Interviewsand Articles

 

Acrylic On Hardboard

by Richard Whittaker, Apr 2, 2007


 

 

On a recent visit to Leslie Ceramic Supply in Berkeley, I noticed a small painting propped up near the counter. I took a closer look. Not bad, I thought. Then I noticed the little hand-scrawled note in front of the painting. It made me laugh. "Hey, look at this," I said to the two young women at the counter. "It’s marked down." They laughed, too. "Does he work here?" The affirmative nod was no surprise. John Toki, the owner, has a special appreciation for artists going their own ways and, with regard to his employees, especially for young artists going their own ways.

John was nearby and so I asked him about the discount painter. "Mike’s his own man," John said. The two young women, who also work for John, nodded—a little tentatively, it seemed to me. There were a couple of beats of silence. Then John said, "He mumbles." 

I wasn’t sure where the conversation was going and I noticed that the two women weren’t saying anything either. John looked at them. "Don’t you think so?" he asked. They nodded, but what are you going to do? This was the boss asking. I looked at John. He looked at me. A moment of silence. "Do you think anyone else would have a clerk who mumbles meeting the public?" Turning to the women at the counter he said, "Go on. Show Richard how he talks." No takers. They weren't doing impersonations, at least not right then. So John demonstrated. It wasn’t very good. I didn’t even need to know Mike Lay. The women were smiling again. "And he doesn’t give compliments, either," one of them couldn’t resist saying. 

By now, I had a portrait of a sales clerk who mumbled and, furthermore, who didn’t hand out any strokes to customers, either. At this point, John still hadn’t cracked a smile, and I was beginning to feel perplexed. There had to be another side to this story and, by God, I’d simply stand there until someone tipped their hand. John must have read me because he finally added, "But I like him." It didn’t really clear a lot up, but at least it allowed there was a lot more to the story and now I was really wondering "Who is this guy?"

I looked down again at the little portrait, and at the little note. The handscrawled $48/obo had been crossed out. $37.50/obo was written in beside it. "John," I said, "do you think he’d take a little less?" My attempt at a joke.

"Why don’t you ask him?" John said with a straight face. "But you’ll have to come back. He’s not here today."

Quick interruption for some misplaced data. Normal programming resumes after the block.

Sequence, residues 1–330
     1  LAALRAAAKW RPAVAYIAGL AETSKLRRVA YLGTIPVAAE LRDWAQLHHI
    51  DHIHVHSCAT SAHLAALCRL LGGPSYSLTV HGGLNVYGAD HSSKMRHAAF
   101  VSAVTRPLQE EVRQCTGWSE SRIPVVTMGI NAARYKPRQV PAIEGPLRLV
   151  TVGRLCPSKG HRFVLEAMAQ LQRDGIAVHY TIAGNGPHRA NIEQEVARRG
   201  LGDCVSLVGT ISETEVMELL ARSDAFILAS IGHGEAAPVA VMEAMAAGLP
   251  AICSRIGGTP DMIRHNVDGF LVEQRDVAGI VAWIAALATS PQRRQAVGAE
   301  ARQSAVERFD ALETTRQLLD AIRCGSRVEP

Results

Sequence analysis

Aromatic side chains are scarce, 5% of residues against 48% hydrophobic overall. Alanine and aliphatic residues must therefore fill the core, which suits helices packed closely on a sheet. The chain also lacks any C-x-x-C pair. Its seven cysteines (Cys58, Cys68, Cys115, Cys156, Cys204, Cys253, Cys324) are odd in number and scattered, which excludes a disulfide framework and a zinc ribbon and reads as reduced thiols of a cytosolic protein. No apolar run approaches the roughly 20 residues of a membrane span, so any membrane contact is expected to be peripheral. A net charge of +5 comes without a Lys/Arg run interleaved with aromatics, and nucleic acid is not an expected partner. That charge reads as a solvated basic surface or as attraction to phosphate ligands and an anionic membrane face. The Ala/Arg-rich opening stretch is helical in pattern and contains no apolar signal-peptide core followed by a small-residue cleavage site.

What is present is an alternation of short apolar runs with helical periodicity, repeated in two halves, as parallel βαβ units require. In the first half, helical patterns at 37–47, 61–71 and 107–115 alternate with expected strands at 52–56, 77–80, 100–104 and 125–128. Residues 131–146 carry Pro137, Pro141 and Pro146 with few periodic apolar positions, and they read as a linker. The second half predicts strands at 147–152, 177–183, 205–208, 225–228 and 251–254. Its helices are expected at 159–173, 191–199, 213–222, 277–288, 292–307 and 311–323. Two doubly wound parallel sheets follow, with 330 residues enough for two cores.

A couple of weeks later I was back. Mike was there. A slender young man came over and I introduced myself. He was reserved, true. Mumbled? Well… I could see why John and the others had said that. I told Mike I was interested in his painting. He was non-committal. "I see how you’ve marked the price down there," I said.

Maybe I gave something away with my expression, because this got a big laugh out of Mike. He could see that I got it: the subtext, the general pathos of the unenfranchised artists across the country, the pathetic impulse to become another marketeer. It was a feeling I knew myself. Lay’s little handwritten sign: $48.00, and then its markdown to $37.50—was pure poetry, I thought—better than anything I had ever done in that benighted territory.

Lay used to sell his portraits on eBay when he lived in Maryland, he told me. The bidding started at one dollar. He got commissions sometimes, too. A painted 8 by 10 would go for between $20 and $60. But he’s not doing that anymore. "I’ve got a show at Boontling Gallery (4224 Telegraph Ave., Oakland) right now," he told me. I went down to see it. It was my first visit to the gallery. Mike Simpson and Derek Weisberg, the owners, were both there. The place had a contagious energy I hadn’t felt for some time. Ten or twelve acrylic portraits by Lay took up two walls. "Not bad," I thought again and, at Lay’s prices, I couldn’t resist buying another one. A similar number of drawings and paintings by Vincent Perea took up the other two walls. I found myself lingering. The place was refreshing. While I was there, a young man, Obi Kaufmann, came in with issue #1 of a new visual arts magazine SWEE[t]ART. Looking through it, I couldn’t determine who the editors or publishers were. But there are more important things, right? That’s the beauty of it.

 

About the Author

Richard Whittaker is the founder of works & conversations magazine.

 

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